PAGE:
Wisconsin’s Small Businesses Are Doing Great. Who Should Get the Credit?



By christinalieffring

December 20, 2021

Kleefisch says Evers’ “leadership stinks” but acknowledges small businesses are recovering “far faster than we ever could have hoped.”

Former Lt. Gov. and current Republican gubernatorial candidate Rebecca Kleefisch—in the midst of a recent campaign speech in Black River Falls about how much Gov. “Tony Evers’ leadership stinks”—said that “small businesses in Wisconsin are awesome and resilient and began to recover far faster than we ever could have hoped.”

But she did not say why she thought they were recovering well, nor acknowledge they are doing it under Evers. 

While Wisconsin small businesses are objectively awesome, a big part of their recovery comes from the COVID relief and economic stimulus implemented by the federal government and Evers, said Shawn Phetteplace, regional midwest manager for the Main Street Alliance, progressive small-business advocacy organization. 

Phetteplace said one of the biggest challenges small businesses face is access to funds, and Evers has channeled a lot of COVID-19 relief funds toward small businesses.

“The Evers administration has done more for small business than probably about any other state government in the country on a per capita basis to help provide grants and direct support,” Phetteplace said, “which is really what small businesses needed most this year.”

RELATED: ‘Tethers to These Communities’: Wisconsin Shows Up for Small Business Saturday

Evers put more than $500 million of federal COVID-19 funds into small business grant funds, such as the Wisconsin Tomorrow Small Business Recovery grant program, Equitable Recovery program, and the Diverse Business Investment program.

“Thousands of small businesses have benefited from the governor’s common-sense leadership,” a spokesperson for Evers’ re-election campaign told UpNorthNews. “Gov. Evers believes in Wisconsin small businesses and has empowered them to expand, create jobs, and grow economic opportunity in communities across the state.”

Kleefisch’s campaign did not respond to a request for comment.  

“Back to Work”

Kleefisch also blamed Evers for the worker shortage because he allowed federal unemployment (UI) benefits to continue until the program expired. In the early days of the pandemic, unemployed workers received an additional $600 per week from the first federal COVID relief bill to help people make it through the mass layoffs that coincided with the pandemic’s arrival. That number subsequently dropped to an additional $300 per week, which expired in September.

“[Businesses] are not even finding the labor force that they need,” Kleefisch said. “Tony Evers was literally one of the last governors in America to just hold on to that federal booster payment on top of unemployment insurance, so that he was literally paying people more to sit on the sidelines, as opposed to get back in the economy and back to work.”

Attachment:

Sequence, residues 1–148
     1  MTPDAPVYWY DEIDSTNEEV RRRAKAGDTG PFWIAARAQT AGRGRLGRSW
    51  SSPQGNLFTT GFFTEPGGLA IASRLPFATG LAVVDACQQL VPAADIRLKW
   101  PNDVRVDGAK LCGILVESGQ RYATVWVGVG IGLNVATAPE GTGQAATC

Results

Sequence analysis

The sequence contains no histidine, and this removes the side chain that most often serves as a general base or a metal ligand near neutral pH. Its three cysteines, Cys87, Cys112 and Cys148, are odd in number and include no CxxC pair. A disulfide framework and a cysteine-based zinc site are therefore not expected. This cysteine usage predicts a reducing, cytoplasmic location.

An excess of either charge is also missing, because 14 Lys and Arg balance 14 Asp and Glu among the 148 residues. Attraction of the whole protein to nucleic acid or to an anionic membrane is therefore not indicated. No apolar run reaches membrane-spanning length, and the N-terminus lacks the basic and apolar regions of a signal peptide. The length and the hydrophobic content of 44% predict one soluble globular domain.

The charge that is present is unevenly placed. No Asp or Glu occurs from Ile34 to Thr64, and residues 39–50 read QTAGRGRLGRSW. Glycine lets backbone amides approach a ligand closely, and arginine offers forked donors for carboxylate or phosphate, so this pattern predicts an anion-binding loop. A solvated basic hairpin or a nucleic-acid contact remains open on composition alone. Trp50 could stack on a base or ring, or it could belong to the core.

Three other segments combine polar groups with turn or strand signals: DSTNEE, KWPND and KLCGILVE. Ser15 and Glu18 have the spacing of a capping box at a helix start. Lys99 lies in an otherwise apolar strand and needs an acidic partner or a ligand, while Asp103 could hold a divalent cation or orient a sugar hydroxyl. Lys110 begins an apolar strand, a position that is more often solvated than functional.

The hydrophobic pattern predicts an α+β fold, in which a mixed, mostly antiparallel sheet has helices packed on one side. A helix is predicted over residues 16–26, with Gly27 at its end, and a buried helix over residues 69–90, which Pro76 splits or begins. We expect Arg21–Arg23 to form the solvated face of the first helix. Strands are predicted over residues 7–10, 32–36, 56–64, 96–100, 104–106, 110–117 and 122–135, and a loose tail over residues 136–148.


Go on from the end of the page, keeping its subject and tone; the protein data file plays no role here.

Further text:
Analysis of the 26 states that ended the benefits early show it had little effect on unemployment rates. Furthermore, those payments helped sustain consumer spending, keeping the economy—and businesses—afloat.

During the debate over the UI benefits, a report from Urban Milwaukee showed Wisconsin’s worker shortage is structural. Wisconsin’s working-age population peaked in 2011, and Wisconsin Policy Forum researchers were sounding the alarm about a “pending storm” unless the state managed to attract new, younger workers to replace its aging workforce.

Kleefisch acknowledged as much in her Black River Falls speech, but didn’t acknowledge how much she and her former boss, former Gov. Scott Walker, are at fault for the current situation.

“We also need to prioritize our labor force, because we need workers in Wisconsin,” Kleefisch said. “We need to put trades and vocational education in every K-12 school district across this great state and we need to double the number of youth apprentices in Wisconsin.”

During Kleefisch’s tenure as lieutenant governor, former Gov. Scott Walker cut the state’s education budget by $1.1 billion, including $71.6 million—around 30%—for technical colleges, resulting in a 4.6% tuition increase. And while Walker froze in-state tuition, the funding cuts meant students weren’t able to access scholarships and had to pay half their tuition, as opposed to 40% when Walker took office.

All told, a decade of cuts and diversions led to Wisconsin schools losing out on about $4 billion

Those policies could have an outsized impact on people looking to move to Wisconsin: Strong schools are important to 73% of homebuyers when making their relocation choices, according to a 2018 Realtor.com survey. “We need to get back to work,” Kleefisch added.

What she’s missing is, we already have. 

UW-Milwaukee professor John Heywood told UpNorthNews last month that Wisconsin has, for a long time, had an “above-average labor force participation rate,” meaning that Wisconsinites who are able to work, do. And as the Republican National Committee’s research Twitter account tweeted, Wisconsin’s 3% unemployment rate is the 11th-lowest in the nation.




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